Why January Retail Sales Were Lower Than Expected

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U.S. consumer spending increased by 3.6% year over year to $492 billion in January but dipped by 0.3% month over month from a downwardly revised December total of $493.3 billion. The U.S. Census Bureau released its estimated retail sales data for January Wednesday morning. A poll of economists had forecast that retail sales would rise 0.3% compared with sales in December.

Sales of motor vehicles fell 1.2% month over month from December and rose 1.6% compared with January 2017. Car sales totaled $100.37 billion last month on an adjusted basis, down from $101.65 billion in December and up from $98.84 billion in January 2016.

Total sales for the three-month period between November and January rose 4.9% compared with year-ago totals.

Retail trade sales slipped 0.3% month over month but rose 3.9% year over year. Nonstore retail sales rose 10.2% year over year. Month over month, nonstore retail sales were flat.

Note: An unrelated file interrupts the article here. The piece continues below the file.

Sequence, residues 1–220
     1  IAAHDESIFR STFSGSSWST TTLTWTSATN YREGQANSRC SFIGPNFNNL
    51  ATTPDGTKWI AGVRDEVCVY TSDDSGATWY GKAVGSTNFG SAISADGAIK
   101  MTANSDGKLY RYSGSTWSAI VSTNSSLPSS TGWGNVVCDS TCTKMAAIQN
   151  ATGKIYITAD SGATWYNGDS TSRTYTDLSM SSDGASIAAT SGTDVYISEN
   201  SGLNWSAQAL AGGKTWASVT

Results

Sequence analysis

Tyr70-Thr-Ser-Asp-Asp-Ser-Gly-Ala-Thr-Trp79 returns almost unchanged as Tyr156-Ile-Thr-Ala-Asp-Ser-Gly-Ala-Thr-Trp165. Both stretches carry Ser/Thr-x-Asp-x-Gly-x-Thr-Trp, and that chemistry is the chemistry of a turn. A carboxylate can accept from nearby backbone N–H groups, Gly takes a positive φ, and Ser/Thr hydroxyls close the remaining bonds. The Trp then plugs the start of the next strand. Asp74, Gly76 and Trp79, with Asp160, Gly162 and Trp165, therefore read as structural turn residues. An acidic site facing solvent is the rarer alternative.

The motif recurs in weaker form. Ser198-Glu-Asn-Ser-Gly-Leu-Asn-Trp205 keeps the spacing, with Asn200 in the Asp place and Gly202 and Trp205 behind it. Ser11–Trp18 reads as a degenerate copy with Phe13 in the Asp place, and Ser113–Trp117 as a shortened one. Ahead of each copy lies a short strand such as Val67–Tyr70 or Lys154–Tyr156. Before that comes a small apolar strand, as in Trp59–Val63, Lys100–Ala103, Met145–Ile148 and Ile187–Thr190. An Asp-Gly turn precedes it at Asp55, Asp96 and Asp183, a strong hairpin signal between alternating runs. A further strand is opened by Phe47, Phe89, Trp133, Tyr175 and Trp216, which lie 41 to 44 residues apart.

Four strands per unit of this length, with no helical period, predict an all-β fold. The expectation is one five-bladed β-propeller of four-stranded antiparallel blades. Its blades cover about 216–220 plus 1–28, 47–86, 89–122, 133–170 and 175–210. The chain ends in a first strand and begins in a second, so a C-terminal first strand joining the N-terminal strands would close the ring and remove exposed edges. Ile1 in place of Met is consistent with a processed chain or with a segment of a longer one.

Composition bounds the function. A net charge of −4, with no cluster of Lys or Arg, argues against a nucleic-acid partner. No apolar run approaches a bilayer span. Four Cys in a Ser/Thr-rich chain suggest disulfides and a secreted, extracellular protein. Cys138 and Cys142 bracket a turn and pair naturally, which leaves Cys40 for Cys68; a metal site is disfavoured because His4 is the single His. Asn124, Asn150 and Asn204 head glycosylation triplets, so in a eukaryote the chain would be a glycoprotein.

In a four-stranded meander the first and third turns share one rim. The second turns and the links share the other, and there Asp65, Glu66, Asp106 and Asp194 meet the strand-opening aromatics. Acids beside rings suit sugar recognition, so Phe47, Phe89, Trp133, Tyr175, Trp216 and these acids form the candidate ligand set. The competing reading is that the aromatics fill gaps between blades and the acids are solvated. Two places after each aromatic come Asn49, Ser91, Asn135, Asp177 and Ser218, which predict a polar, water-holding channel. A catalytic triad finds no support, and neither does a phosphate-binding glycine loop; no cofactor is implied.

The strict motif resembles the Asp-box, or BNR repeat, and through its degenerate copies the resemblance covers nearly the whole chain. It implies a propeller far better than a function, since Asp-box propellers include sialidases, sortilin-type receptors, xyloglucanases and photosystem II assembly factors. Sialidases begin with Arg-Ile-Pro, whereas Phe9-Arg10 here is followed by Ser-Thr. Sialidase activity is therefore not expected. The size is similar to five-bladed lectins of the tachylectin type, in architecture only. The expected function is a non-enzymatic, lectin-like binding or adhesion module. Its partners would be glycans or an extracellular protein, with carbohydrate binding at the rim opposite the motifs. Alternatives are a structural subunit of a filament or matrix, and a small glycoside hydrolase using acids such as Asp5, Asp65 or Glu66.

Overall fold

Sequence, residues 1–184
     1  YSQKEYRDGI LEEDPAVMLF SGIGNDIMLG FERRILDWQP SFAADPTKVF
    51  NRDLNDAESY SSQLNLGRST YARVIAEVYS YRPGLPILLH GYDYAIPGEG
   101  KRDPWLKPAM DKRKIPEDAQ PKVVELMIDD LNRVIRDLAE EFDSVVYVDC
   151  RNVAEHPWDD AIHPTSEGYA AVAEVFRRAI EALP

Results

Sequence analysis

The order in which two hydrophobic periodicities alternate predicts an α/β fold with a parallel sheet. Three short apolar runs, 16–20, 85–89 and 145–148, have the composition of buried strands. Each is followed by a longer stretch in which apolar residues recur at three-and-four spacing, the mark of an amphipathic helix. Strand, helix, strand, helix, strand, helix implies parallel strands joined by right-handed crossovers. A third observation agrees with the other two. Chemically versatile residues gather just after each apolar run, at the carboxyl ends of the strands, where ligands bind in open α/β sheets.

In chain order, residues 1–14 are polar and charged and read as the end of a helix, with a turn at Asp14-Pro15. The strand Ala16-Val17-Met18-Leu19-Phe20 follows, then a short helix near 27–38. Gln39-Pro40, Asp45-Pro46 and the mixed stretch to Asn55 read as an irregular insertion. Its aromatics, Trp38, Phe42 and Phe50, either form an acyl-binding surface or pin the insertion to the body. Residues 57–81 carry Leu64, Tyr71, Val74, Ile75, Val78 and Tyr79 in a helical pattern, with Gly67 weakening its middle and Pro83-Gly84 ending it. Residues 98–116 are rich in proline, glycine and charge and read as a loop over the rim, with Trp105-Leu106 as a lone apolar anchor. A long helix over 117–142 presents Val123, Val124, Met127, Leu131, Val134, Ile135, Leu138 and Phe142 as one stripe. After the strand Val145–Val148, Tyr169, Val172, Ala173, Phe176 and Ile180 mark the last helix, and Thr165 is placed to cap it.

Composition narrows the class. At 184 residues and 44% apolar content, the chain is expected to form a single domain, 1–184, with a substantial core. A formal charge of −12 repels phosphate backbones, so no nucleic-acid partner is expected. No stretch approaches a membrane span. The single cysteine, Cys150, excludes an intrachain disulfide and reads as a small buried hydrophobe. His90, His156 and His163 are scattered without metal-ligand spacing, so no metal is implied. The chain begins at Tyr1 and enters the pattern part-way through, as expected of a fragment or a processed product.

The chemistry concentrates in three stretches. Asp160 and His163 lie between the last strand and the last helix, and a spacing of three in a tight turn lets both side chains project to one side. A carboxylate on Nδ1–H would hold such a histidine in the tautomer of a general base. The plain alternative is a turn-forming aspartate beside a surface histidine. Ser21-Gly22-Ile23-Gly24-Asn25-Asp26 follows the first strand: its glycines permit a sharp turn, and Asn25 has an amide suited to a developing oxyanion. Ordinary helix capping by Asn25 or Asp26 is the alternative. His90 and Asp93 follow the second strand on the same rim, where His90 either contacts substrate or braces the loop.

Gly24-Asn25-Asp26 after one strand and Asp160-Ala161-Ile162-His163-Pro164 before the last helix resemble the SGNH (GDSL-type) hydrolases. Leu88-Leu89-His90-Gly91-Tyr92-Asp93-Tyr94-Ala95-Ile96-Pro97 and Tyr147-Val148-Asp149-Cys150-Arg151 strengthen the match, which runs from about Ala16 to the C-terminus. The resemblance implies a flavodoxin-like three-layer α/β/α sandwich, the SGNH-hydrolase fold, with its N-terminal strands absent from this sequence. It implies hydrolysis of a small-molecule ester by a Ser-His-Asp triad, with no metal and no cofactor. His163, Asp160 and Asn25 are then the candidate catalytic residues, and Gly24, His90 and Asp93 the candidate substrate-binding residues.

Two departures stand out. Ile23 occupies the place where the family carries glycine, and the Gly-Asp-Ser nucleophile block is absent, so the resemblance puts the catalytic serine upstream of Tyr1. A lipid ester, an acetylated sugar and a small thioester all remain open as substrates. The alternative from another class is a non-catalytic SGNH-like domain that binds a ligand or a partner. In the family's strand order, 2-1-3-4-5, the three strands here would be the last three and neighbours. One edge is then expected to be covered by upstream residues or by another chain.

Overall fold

Gasoline station sales rose 1.6% month over month and are up 9% year over year. The increase is due largely to higher pump prices.

Electronics stores posted a sales increase of 0.5% month over month and a year-over-year increase of 1.6%. Department stores posted a month-over-month sales increase of 0.8% and a year-over-year increase of 0.4%.

Sales of building materials and garden supplies fell 2.4% month over month but were 3.6% higher year over year.

Food services and bar sales remained flat month over month and rose 2.1% year over year.

Furniture and home furnishings stores sales fell 0.4% month over month but posted a gain of 4.7% year over year. Sporting goods, hobby, book and music stores posted a month-over-month sales decrease of 0.8% and a year-over-year drop of 7.1%.